• Amulragal editor

Homelessness Homelessness and Rough-sleeping Homelessness and rough-sleeping are on the increase

Homelessness and rough-sleeping are on the increase in the UK.  Despite legislations and efforts by public and private players have not managed to combat it.

One may wonder, how would someone may end up homeless?  We know care homes and Charity organisations are doing a great job in trying to reduce it.  Unfortunately, when one leaves the care home for sofa-sleeping by friends, if arrangements fail, and no immediate help is received, they end up in the streets. 



What about homeless adults, who feel there is no way out of sleeping rough?

In 2019 more than 290,000 people were homeless in England, 170,000 of them are in London.  1 out of every 52 of us is suffering some form or sort of mental illness.

Over 9.000 people sleep rough in the streets according Fresh Start, a charity devoted to helping rough-sleepers and the homeless in and around the city of London.

Studies found that rough-sleeping can derive from these following reasons: Domestic abuse, Relation breakdown, Poor mental health, Drug/substance abuse, Redundancy, Alcohol addiction, Inherited/genetic related defection.  There may be more other root causes of ending up with nowhere to live.

800 million people live with mental health problems in the world

During the pandemic (covid-19), charities have done a remarkable job in housing those sleeping rough in London.  From providing luxurious buildings and warm food for the homeless but it does not stop there. Homeless/rough-sleepers come from all walks of life.



Can rough-sleeping and homelessness have linked to mental illness? 

Sometimes mental illness can lead to rough-sleeping, as it is neglected and underestimated by both the government and partner charity organisations like Fresh Start.

There is a Gymnasium in every 25 miles in and around the capital, London. But there are few psychotherapy parlours or mental wellbeing exercise centres provided for the public to enrol as we do with the various fitness clubs.  Mental wellbeing practice and exercise should be included in the curriculum and promoted by media and government.  As many of us are living with some form of mental illness that can be trigged by depression, weak mental state, unforeseen circumstances, and misuse of prescribed drugs.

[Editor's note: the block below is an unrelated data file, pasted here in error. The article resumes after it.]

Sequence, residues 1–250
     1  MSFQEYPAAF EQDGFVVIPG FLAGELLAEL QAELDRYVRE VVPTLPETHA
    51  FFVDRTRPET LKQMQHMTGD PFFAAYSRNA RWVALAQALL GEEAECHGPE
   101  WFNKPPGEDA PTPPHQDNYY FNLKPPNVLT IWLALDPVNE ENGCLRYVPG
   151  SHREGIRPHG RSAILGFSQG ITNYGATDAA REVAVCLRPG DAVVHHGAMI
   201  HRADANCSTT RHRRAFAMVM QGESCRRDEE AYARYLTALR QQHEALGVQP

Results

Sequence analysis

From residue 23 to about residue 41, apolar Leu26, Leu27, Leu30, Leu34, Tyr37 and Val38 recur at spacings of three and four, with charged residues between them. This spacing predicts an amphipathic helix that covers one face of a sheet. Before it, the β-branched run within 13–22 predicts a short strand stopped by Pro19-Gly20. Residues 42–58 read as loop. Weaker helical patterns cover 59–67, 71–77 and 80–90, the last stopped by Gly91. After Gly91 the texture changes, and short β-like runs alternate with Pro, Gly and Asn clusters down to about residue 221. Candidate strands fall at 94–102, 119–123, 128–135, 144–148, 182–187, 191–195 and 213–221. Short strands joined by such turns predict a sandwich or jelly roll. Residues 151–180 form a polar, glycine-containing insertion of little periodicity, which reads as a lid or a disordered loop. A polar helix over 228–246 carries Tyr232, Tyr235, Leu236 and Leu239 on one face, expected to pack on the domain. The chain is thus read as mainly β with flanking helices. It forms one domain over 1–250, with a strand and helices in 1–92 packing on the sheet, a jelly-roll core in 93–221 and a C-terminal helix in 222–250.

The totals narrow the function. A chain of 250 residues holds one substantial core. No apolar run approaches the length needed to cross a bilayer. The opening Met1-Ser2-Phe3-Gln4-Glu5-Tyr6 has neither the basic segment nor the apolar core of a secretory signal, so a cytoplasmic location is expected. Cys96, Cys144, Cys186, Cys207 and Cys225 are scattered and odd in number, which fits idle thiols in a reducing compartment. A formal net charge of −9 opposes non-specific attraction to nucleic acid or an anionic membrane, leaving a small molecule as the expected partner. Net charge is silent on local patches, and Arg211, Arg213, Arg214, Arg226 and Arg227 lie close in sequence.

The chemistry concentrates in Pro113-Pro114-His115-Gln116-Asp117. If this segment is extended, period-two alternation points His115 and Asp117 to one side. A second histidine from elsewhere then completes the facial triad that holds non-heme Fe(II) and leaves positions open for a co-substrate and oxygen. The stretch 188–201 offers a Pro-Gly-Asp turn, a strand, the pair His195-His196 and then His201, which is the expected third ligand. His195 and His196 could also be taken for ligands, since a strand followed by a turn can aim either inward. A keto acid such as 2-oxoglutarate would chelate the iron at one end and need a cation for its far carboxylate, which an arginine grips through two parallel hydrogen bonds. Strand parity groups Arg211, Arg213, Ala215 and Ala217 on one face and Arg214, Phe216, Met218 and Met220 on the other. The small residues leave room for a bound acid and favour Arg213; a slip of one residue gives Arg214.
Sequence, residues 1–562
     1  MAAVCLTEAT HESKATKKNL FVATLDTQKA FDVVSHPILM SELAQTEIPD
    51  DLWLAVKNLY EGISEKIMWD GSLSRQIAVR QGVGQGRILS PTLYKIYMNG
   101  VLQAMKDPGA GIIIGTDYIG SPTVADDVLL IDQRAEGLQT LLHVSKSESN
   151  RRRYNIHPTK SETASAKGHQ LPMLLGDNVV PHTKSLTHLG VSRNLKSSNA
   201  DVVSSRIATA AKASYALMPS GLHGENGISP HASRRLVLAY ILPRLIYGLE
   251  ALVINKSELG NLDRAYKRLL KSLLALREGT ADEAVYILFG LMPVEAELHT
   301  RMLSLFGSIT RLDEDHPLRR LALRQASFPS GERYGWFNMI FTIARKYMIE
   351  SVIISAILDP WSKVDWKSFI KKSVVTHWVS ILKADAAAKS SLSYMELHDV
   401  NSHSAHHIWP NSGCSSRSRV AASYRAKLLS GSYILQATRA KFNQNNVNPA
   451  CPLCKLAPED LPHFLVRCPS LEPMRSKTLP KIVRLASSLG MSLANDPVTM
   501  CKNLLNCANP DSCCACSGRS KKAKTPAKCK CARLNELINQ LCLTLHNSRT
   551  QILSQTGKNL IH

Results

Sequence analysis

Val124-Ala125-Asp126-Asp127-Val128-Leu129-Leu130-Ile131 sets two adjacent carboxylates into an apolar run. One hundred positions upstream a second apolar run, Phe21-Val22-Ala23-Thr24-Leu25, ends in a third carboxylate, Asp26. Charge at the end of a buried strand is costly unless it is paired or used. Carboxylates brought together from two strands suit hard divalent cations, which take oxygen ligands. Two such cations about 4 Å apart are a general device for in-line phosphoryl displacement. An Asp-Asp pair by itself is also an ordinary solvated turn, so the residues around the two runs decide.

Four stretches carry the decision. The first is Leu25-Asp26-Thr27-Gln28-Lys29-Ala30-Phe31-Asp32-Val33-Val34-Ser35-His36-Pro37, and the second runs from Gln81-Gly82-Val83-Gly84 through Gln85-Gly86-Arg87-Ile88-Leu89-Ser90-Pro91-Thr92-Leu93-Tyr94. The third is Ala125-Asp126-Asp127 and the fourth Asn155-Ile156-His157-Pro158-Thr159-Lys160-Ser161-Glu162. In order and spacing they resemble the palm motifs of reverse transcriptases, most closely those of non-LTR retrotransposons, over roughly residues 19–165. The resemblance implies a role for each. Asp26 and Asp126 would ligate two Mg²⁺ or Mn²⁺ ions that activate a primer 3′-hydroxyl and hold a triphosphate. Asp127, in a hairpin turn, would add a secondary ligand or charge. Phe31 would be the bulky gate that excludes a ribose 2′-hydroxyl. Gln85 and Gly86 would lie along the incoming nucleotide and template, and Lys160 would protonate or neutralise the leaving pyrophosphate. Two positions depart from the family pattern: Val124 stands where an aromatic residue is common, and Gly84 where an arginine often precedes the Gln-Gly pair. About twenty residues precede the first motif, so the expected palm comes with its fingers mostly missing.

In most people’s view mental exercise is as important as physical, particularly for young people.

The lockdown of Covid-19, might have been a major trigger point for lot of us.  Frustration and uncertainty would have clouded our thinking and emotions.  With the pandemic, people’s stress level would have increased, if not handled skilfully, can lead to deterioration.

Law makers and authorities need to look into many provisions for young and venerable people around the capital.  The budget cuts made to some sectors have impacted to youth clubs, sports clubs, state-sponsored charities and many non-governmental organisations.  



I managed to exchange few words with a 48 years old homeless gentleman, Ben Miller.  Ben has been sleeping rough under the bridge in Haringey for more than 12 months.  I asked Ben what made him homeless?  Ben said: it all started when the authorities try to remove his unborn baby from the partner’s womb. I wanted him to elaborate on this, but he could not give me anything clear.  All he kept on saying is He wants to get back to how he was.

I asked Ben, weather he gets visits from the local authorities and charities?  He said yes but they could not help him.  Ben does not know where his daughter and partner are.  Once again, his response convinced me, his rough-sleeping might have derived from a mental pressure or depression.  

Ben Miller, homeless has spent more than

12 months sleeping under this bridge in Green Lanes London 

Homeless couple sleeping in doorway in Green

                                                                                  Lanes London

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